Submitted to: ASA-CSSA-SSSA Annual Meeting Abstracts
Publication Type: Abstract Only
Publication Acceptance Date: 11/6/2007
Publication Date: 11/6/2007
Citation: Blaser, B.C., Gibson, L.R., Singer, J.W. 2007. Impact of cereal grain canopy traits on intercropped legume productivity [CD-ROM]. In: ASA-CSSA-SSSA Annual Meeting Abstracts, Nov. 4-8, 2007, New Orleans, LA.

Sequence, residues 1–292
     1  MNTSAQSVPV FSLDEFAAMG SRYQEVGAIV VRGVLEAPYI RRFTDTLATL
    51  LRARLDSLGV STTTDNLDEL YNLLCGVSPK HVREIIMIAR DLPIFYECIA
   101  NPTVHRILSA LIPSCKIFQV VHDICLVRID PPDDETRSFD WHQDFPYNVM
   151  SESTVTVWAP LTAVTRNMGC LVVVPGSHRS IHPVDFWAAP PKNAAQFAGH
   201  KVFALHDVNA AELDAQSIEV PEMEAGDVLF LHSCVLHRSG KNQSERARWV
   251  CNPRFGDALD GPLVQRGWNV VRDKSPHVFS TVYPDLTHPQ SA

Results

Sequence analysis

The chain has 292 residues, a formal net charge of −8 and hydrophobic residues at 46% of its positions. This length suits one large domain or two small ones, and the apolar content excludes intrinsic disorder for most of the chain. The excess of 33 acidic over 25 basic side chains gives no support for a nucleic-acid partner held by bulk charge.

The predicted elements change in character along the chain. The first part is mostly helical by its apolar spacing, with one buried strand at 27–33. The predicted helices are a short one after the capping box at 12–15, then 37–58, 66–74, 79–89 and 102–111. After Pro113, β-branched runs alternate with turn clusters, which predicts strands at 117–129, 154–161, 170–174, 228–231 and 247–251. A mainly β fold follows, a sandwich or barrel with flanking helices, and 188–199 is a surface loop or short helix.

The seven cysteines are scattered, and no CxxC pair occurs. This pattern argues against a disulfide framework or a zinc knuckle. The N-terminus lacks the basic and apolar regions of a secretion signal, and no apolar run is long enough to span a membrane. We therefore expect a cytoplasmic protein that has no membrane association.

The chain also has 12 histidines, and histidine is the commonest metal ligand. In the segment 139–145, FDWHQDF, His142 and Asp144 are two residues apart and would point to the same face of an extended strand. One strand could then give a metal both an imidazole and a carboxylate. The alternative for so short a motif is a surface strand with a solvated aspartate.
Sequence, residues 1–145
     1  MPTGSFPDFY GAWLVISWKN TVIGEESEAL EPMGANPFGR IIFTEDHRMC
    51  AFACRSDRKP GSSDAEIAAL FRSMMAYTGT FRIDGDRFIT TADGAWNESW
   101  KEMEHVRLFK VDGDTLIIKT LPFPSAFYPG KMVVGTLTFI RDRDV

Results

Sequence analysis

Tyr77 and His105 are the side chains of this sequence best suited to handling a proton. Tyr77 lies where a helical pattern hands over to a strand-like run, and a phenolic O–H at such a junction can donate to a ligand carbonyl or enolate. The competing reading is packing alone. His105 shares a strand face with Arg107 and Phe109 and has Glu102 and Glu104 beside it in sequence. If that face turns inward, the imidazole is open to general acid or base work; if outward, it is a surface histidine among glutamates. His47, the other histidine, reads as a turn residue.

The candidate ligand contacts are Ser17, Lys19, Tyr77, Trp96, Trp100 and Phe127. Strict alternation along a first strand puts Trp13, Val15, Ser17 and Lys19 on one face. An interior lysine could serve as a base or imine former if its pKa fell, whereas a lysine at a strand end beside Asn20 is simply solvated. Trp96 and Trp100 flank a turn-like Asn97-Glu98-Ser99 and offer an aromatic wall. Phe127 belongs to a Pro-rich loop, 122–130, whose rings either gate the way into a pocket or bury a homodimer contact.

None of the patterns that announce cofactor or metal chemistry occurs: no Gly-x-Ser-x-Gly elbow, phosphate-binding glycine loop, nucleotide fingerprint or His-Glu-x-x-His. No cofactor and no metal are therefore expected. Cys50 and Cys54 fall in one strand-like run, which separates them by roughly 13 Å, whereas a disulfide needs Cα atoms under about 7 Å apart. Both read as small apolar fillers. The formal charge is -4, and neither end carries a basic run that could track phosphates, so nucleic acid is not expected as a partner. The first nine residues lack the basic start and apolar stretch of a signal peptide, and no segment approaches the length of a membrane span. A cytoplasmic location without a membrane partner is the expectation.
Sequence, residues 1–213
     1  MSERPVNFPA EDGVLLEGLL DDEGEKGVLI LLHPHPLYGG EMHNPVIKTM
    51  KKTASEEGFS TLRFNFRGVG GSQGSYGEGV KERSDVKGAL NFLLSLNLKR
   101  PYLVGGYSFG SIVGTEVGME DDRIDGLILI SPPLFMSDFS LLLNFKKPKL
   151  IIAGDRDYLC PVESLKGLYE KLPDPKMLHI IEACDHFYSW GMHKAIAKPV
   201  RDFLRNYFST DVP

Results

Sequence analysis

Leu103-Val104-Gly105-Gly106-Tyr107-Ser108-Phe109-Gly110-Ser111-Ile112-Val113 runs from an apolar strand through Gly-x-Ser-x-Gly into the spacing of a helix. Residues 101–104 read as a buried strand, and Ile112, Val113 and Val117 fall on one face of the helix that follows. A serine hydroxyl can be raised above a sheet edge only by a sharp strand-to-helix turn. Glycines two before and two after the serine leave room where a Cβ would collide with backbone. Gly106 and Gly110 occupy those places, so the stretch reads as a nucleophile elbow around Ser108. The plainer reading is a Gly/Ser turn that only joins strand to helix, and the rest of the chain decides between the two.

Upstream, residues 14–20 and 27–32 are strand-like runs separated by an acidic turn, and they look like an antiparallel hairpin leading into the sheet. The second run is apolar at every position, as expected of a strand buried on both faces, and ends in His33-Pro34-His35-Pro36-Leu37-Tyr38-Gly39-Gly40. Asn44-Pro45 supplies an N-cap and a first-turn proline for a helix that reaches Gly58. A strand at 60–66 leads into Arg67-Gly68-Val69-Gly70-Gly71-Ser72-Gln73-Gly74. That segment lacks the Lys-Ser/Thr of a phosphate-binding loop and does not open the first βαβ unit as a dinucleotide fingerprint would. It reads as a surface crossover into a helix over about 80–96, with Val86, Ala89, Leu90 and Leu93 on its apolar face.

Technical Abstract: Winter cereal grain acreage could expand in the North Central U.S. if forage legumes can be reliably established using interseeding methods. We hypothesized that cereal grain genotype influences light transmittance to intercropped legumes, which affects plant mortality and stand productivity. The objective of this study was to evaluate the productivity of frost-seeded alfalfa (Medicago sativa L.) and red clover (Trifolium pratense L.) in winter wheat (Triticum aestivum L.) and triticale (X Triticosecale Wittmack) varieties with varying canopy architecture. Cereal grains were planted at 300 seeds m-2 in early October and one alfalfa and two red clover varieties were frost-seeded at 900 seeds m-2 in March. Weekly light transmittance, legume density, and dry matter (DM) were collected during two growing seasons. Cereal grain varieties allowing more than 28% average seasonal light penetration through the leaf canopy had maximum legume DM production. Alfalfa stand densities ranged from 60 to 140 plants m-2 and produced 1.05 to 1.51 Mg DM ha-1. Red clover plant densities ranged from 43 to 194 plants m-2 and produced an average of 1.84 Mg DM ha-1.